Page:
Gilad Erdan, Israel's ambassador to the United Nations, expressed his condolences over the deaths of the World Central Kitchen workers, but said the attacks on their convoy were a “tragic mistake made due to the cynical modus operandi of Hamas to exploit civilian infrastructure and vehicles”.

“Israel never deliberately targets civilians – ever – let alone humanitarian workers carrying out crucial work,” he told the council.

The council's debate in New York came as the top UN human rights committee in Geneva adopted a resolution on Friday calling on all countries to stop supplying weapons to Israel, warning of possible violations of humanitarian law international and human rights abuses.

The Human Rights Committee approved the resolution with 28 votes in favour, 6 against and 13 abstentions. The United States and Germany, Israel's largest arms suppliers, voted against the measure, even as the US ambassador to the council, Michèle Taylor, criticized Israel's continuation of the war.

“Israel has not done enough to mitigate civilian harm,” Taylor said before the vote, calling for an immediate ceasefire and urging Netanyahu to negotiate a deal with Hamas.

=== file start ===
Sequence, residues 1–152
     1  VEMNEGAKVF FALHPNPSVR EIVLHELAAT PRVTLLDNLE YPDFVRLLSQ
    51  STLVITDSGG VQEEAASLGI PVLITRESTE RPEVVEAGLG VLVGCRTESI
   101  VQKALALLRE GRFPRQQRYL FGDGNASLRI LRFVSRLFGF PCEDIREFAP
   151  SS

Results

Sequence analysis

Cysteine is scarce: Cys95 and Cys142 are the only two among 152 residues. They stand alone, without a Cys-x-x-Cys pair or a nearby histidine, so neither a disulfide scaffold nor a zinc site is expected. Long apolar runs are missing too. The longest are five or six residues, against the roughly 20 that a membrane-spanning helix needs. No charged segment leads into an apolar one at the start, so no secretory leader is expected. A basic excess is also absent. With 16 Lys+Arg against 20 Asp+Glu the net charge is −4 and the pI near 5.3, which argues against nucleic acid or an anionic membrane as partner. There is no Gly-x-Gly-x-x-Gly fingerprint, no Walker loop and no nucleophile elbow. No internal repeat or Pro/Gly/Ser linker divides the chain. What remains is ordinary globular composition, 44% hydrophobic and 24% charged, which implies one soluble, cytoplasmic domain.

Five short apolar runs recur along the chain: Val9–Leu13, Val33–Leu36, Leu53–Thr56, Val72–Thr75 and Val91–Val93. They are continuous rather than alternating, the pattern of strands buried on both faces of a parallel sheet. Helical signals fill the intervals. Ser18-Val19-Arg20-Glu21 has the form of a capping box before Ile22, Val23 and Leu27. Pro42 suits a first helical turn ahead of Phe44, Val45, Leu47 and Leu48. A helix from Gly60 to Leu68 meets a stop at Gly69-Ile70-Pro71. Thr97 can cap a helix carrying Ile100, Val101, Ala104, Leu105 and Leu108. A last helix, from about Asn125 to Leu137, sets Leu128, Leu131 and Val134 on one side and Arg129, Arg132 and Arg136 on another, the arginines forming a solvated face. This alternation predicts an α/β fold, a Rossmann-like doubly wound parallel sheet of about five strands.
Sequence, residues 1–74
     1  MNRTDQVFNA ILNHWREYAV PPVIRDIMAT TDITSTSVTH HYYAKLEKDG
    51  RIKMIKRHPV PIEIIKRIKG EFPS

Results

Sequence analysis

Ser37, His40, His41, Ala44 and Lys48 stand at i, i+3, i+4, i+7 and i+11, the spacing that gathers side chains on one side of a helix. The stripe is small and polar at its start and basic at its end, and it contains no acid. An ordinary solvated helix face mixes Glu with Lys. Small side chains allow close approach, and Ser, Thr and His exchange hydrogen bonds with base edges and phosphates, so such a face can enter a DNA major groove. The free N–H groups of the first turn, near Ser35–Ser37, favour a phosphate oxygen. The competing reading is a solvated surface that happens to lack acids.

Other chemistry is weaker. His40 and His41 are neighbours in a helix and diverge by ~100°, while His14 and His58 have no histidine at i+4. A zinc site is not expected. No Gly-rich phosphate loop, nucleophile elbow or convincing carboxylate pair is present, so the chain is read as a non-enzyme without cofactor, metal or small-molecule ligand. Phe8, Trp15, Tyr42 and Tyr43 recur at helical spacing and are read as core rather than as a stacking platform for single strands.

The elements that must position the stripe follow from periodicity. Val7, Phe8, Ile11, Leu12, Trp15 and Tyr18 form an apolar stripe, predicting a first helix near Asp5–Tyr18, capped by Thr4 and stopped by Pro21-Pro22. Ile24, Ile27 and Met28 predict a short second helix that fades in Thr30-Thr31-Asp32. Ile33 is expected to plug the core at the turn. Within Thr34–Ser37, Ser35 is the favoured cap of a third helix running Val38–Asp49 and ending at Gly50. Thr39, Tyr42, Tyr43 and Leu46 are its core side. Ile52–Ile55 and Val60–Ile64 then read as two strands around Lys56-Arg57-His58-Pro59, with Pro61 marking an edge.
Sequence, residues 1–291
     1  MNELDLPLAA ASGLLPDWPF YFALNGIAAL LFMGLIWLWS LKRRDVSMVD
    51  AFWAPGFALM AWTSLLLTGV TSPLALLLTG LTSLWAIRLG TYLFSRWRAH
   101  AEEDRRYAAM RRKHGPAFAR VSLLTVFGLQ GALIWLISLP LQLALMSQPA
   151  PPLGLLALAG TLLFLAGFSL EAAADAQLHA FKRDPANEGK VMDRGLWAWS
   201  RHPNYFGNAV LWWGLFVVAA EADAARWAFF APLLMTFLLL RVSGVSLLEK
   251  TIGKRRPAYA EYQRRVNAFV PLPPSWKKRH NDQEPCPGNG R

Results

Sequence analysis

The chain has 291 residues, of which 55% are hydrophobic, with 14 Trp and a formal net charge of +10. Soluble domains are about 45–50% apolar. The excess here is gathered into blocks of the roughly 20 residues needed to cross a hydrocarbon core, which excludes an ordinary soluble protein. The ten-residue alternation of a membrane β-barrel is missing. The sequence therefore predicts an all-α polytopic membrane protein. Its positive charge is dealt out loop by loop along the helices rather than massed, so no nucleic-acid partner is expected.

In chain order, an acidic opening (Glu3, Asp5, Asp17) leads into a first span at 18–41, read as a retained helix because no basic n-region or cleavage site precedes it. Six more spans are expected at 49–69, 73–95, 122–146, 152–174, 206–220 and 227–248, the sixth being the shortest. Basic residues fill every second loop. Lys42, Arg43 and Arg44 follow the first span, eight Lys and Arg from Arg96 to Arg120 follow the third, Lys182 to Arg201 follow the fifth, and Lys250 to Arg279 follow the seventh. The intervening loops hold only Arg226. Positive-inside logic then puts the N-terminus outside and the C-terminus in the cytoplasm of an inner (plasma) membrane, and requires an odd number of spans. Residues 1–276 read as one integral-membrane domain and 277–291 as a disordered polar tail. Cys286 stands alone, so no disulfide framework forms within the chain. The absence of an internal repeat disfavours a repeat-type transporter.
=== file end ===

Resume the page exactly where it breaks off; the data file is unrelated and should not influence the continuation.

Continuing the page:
Israel's representative on the committee, Meirav Eilon Shahar, condemned the resolution's passage as a “very dark day in the council's history.” Pointing out that the resolution does not denounce Hamas for attacking Israel on October 7, he said the committee had “turned a blind eye” to acts of violence against Israelis.

Subsequently, the Israeli Foreign Ministry issued a statement underlining that the Council had ignored the supply of weapons to Hamas by Iran and its allies.

Ultimately, many world leaders have said that a ceasefire would be the surest way to get more aid to Gaza and to free the hostages still held there. But talks aimed at reaching such an agreement have been stalled for weeks.

In an effort to help the parties reach a deal, CIA director William J. Burns was due to travel to Cairo on Saturday to meet with his Israeli counterpart, David Barnea, and Qatari and Egyptian officials, who have mediated with Hamas, according to two people briefed on the plans.

Reporting contribution was provided by Nick Cumming-Bruce, Matina Stevis-Gridneff, Gaya Gupta, Johnatan Reiss AND Julian E. Barnes.